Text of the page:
The automobile industry offers a perfect illustration of how companies use different approaches to naming to help motivate a purchase decision. European companies usually use descriptive names and a glance at the trunk badge tells the buyer volumes—engine size, body style, fuel injection, length of wheelbase, etc.
In contrast, domestic automobiles use a variety of naming devices in the hopes of generating positive associations that will favorably influence prospective buyers. There are created names such as Alero, Integra and Xterra. Animal names are also popular. By using associated names such as Falcon, Viper, Firebird, Impala and Mustang, manufacturers try to represent some of the attractive characteristics of the vehicle. Model naming has even ventured into deep waters with the likes of Sting Ray and Barracuda. Just envision those high-powered Detroit marketing types brainstorming to arrive at the name Plymouth Duster. Were the runners up squeegee, mop and vacuum?
The pharmaceutical industry has shown that they understand the power of naming. Not long ago drugs were marketed primarily to doctors and the names were simply recitations of their chemical compounds. To the consumer these names were uninformative, unpronounceable and sounded extraordinarily medical. Now that drugs are aggressively marketed directly to the consumer a new era of savvy naming has recently blossomed. A pill is a pill, but give it an appealing name and it can become a gold mine. A created name like Viagra is distinctive without sounding like a drug. Benadryl, Sudafed and Claritin are easy to pronounce and remember, yet retain a scientific overtone. Names like Allegra, Boniva and Levitra are both distinctively named and lyrical. The pharmaceutical industry has repeatedly demonstrated that they understand how naming can help them increase their sales appeal within different target markets and make their pills so much easier to swallow.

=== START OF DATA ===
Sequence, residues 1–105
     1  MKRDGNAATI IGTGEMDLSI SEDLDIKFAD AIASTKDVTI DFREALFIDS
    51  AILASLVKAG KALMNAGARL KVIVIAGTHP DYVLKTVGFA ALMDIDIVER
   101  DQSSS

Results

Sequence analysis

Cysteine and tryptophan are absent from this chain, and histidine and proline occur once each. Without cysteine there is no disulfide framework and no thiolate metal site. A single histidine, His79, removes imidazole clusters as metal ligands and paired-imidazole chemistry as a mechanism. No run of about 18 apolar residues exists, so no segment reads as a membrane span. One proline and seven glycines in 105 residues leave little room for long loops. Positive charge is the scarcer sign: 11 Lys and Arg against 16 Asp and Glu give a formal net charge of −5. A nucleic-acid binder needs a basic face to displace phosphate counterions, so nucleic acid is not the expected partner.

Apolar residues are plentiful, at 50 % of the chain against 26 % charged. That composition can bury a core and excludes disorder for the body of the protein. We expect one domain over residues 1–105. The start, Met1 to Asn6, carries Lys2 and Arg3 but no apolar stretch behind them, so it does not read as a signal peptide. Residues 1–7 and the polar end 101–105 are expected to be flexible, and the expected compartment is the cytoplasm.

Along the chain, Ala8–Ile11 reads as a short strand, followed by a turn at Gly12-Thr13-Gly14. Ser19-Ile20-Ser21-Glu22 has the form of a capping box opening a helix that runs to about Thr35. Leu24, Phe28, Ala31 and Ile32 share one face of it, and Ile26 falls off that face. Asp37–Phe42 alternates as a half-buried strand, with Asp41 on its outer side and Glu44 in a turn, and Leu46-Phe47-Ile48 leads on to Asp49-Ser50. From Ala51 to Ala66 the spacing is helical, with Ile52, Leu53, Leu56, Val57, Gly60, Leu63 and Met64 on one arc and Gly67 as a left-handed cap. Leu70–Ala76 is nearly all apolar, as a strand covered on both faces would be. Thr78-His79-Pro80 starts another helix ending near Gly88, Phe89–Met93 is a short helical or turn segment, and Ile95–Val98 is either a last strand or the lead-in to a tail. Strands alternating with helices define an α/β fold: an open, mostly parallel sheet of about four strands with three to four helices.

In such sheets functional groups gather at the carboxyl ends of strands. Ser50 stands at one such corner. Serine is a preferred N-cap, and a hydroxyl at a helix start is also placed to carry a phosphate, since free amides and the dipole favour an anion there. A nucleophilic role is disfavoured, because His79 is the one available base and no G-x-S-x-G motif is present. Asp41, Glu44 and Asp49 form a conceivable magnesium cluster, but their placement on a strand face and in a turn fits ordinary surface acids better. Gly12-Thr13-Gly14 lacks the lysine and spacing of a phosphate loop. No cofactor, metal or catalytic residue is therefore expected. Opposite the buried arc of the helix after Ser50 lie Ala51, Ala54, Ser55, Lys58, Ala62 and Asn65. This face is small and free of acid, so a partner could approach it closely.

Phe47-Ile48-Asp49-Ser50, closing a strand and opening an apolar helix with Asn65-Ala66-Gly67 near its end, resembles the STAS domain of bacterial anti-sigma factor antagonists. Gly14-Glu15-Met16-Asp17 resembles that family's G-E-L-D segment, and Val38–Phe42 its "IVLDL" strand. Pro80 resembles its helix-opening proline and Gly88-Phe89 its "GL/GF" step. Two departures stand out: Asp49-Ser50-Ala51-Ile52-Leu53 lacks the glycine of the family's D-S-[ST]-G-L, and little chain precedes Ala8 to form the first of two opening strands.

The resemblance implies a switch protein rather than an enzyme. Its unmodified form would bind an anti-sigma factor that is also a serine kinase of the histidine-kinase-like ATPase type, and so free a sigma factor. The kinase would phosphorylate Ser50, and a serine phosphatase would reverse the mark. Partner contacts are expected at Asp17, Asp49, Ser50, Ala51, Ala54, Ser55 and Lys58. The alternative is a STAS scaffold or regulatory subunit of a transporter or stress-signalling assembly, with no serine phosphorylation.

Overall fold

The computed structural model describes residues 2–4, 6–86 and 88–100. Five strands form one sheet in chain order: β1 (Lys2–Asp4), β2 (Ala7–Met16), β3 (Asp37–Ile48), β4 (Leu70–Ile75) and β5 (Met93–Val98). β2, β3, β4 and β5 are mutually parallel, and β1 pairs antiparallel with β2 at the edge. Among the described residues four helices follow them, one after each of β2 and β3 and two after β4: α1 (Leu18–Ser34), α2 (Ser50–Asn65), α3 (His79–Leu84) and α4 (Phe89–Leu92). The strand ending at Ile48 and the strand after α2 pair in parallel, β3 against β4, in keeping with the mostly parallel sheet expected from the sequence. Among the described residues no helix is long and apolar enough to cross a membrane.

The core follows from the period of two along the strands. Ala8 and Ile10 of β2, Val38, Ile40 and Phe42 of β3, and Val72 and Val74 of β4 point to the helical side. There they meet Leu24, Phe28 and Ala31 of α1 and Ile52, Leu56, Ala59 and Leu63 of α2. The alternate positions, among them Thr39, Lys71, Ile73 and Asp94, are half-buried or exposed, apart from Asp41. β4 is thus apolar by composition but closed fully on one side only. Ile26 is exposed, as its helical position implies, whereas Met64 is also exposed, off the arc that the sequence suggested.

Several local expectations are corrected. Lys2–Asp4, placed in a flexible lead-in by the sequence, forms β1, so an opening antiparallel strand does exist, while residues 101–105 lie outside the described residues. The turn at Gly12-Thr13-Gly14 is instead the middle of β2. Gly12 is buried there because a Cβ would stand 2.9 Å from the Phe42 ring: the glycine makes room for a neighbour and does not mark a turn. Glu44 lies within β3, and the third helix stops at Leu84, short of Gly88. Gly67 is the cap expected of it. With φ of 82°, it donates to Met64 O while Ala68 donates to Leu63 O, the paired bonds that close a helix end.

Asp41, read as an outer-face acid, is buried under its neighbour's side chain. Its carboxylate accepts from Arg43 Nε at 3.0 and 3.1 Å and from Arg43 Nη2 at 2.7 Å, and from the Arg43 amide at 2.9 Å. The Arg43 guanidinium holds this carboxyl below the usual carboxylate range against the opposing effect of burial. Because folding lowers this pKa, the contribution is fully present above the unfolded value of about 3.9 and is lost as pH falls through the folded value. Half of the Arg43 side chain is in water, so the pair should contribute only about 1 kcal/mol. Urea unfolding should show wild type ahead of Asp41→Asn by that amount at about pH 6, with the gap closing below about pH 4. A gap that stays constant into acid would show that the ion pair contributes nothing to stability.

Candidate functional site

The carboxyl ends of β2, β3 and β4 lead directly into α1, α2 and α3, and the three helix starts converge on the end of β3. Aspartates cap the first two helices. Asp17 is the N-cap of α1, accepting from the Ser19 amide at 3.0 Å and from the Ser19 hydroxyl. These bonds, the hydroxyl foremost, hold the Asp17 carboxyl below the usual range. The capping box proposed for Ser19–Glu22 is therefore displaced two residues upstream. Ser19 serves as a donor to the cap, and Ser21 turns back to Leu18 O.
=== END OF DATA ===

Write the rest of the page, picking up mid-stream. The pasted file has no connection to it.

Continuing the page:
Waiting in the Wings
The financial services industry has yet to fully focus on the importance of naming. Financial company names, much like those in the auto industry have been…well, all over the lot. Historically there have been descriptive names—e. g. Cash Management Account; and created names—e.g. SPDRs—that have been effective. In general, however, the industry has been woefully deficient in mastering the art of naming.
The Bottom Line
Evidence of the importance of naming is the proliferation of specialized “name consultants” in recent years. While the purported objective of these firms is always to create nomenclature that reflects their client’s corporate culture, the results are far too often more influenced by their own culture and preferences.
A powerful name links the organization and its product/service offerings to the customer. A name is the most important element of the branding mix. It is a brand’s “calling card” and communicates its key attributes and associations. It is well worth the upfront time and effort to create a naming system that will provide a logical and consistent foundation for all future marketing and communication efforts.